British Royal Family

The Queen and Sir David Attenborough have teamed up to save the world and THIS is why we're here for it

They're waging one of the most important kind of wars.

By Ellie McDonald
If you've ever read anything we've written (for argument's sake, let's assume/hope you have), you'd know that we can't get enough of Queen Elizabeth II.
And there's nothing quite like The Queen, y'know, at the age of 91, going ahead and pledging to do her part to save the world.
That's right, Her Majesty has teamed up with none other than the wildlife warrior himself, Sir David Attenborough, to declare a war on plastic.
The Queen has been a longtime fan of Attenborough's work.
Both 91, this pair continue to fight the good fight for the environment.
Following the release of Attenborough's documentary Blue Planet, Buckingham Palace released a statement outlining The Queen's new waste plans that would see plastic straws and bottles banned from the Royal estates.
And, according to The Telegraph, internal caters at Windsor Castle, the Palace of Holyroodhouse in Edinburgh, as well as Buckingham Palace, will now only be allowed to use china plates, glasses and recyclable paper cups.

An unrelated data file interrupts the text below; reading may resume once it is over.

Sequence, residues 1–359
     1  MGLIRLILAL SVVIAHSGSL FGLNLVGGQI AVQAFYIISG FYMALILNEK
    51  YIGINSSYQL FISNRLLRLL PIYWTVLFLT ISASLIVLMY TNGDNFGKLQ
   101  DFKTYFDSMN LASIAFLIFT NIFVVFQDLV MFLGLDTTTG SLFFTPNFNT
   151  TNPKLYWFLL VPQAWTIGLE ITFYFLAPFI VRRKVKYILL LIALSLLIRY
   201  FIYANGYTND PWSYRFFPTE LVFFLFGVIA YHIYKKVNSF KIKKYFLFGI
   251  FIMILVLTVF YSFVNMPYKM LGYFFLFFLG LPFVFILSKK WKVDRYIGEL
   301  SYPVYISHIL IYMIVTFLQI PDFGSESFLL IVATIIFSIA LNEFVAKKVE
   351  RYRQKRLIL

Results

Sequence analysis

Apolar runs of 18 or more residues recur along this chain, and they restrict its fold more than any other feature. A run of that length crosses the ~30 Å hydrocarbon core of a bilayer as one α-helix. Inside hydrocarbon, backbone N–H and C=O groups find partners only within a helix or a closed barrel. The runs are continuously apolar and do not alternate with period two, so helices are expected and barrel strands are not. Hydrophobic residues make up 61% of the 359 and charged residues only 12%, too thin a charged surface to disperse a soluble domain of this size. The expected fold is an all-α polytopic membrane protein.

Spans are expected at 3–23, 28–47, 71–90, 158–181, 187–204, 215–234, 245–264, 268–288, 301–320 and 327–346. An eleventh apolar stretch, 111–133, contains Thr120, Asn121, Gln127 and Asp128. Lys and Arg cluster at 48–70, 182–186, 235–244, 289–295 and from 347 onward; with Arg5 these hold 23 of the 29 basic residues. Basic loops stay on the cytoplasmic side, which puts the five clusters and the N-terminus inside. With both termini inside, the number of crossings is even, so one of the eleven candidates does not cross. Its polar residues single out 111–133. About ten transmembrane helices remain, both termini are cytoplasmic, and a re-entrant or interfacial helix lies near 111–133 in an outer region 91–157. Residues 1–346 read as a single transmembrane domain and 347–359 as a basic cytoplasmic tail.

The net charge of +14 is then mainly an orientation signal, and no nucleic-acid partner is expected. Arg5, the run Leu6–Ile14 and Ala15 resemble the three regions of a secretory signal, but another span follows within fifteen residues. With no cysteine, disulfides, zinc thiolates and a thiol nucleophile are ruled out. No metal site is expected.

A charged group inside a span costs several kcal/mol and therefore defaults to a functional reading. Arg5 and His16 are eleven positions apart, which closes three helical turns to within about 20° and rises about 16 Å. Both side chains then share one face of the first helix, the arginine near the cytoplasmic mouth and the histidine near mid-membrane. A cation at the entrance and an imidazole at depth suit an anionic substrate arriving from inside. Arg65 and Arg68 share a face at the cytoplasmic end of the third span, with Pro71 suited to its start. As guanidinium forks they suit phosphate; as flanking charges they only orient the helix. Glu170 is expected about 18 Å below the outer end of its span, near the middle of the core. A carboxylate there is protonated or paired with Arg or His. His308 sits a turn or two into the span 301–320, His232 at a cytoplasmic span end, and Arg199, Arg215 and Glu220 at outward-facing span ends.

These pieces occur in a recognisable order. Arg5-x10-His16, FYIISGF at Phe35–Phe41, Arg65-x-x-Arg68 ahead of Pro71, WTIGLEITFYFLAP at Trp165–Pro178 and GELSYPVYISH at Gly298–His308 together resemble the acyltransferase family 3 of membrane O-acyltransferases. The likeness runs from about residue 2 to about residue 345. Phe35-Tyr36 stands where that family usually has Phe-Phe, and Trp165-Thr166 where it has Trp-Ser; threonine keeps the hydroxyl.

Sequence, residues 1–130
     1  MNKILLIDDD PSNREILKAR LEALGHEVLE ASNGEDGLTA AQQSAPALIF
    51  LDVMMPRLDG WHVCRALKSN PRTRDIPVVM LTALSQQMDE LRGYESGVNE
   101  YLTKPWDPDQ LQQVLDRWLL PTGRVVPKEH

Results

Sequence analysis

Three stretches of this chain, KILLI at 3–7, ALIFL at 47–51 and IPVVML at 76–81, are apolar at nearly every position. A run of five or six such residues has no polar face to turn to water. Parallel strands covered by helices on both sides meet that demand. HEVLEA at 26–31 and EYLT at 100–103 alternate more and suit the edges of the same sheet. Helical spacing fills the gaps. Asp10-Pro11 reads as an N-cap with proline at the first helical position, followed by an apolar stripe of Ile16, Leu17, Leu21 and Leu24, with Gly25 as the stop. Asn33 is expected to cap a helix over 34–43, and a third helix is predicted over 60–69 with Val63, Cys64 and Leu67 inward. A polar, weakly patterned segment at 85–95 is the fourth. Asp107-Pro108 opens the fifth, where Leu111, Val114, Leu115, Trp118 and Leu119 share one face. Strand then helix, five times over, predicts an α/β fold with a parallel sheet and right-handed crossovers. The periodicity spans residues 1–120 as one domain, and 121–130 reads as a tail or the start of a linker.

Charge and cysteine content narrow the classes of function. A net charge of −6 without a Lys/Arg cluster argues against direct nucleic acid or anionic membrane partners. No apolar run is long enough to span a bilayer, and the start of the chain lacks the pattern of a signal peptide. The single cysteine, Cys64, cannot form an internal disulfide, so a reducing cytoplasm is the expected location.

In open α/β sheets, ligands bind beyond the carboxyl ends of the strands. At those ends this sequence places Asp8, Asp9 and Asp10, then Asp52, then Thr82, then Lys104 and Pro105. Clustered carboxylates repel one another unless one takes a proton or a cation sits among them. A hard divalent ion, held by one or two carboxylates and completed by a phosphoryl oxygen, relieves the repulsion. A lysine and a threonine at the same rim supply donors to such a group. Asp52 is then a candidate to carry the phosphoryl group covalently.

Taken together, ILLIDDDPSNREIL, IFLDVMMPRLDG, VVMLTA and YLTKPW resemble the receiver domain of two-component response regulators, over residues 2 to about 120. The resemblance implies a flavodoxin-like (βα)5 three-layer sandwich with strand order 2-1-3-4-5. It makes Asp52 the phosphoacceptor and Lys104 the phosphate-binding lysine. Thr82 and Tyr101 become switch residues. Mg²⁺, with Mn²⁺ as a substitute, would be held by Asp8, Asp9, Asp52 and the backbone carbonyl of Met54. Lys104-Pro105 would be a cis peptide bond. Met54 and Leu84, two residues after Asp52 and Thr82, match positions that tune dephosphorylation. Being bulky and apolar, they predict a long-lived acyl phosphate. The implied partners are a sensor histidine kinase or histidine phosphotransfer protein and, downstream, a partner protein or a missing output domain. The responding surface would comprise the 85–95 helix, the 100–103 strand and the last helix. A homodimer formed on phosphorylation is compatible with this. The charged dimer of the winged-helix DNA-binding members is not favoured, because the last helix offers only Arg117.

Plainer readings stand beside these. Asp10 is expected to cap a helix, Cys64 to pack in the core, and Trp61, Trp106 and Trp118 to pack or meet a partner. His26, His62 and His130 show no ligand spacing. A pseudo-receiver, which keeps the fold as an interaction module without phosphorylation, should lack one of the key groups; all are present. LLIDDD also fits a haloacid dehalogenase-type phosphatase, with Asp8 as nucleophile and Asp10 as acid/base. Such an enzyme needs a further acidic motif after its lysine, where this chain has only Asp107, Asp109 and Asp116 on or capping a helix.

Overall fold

"Across the organisation, the Royal Household is committed to reducing its environmental impact," a spokesman for Buckingham Palace stated.
"As part of that, we have taken a number of practical steps to cut back on the use of plastics. At all levels, there's a strong desire to tackle this issue."
The Queen and Attenborough discussing all things environment and the Commonwealth.
'Keep calm and carry on' just won't cut it when it comes to talking about Attenborough's passion for conservation.
As reported by the ABC, a 2010 study highlighted the devastating impact plastic is having on Australian environments. Indeed, an analysis of waters surrounding Oz uncovered that there were roughly 4,000 microplastic fragments per square square kilometre.
This is a shocking statistic considering that between 5,000 and 15,000 sea turtles are tangled in plastic and fishing gear that washes ashore in northern Australia alone.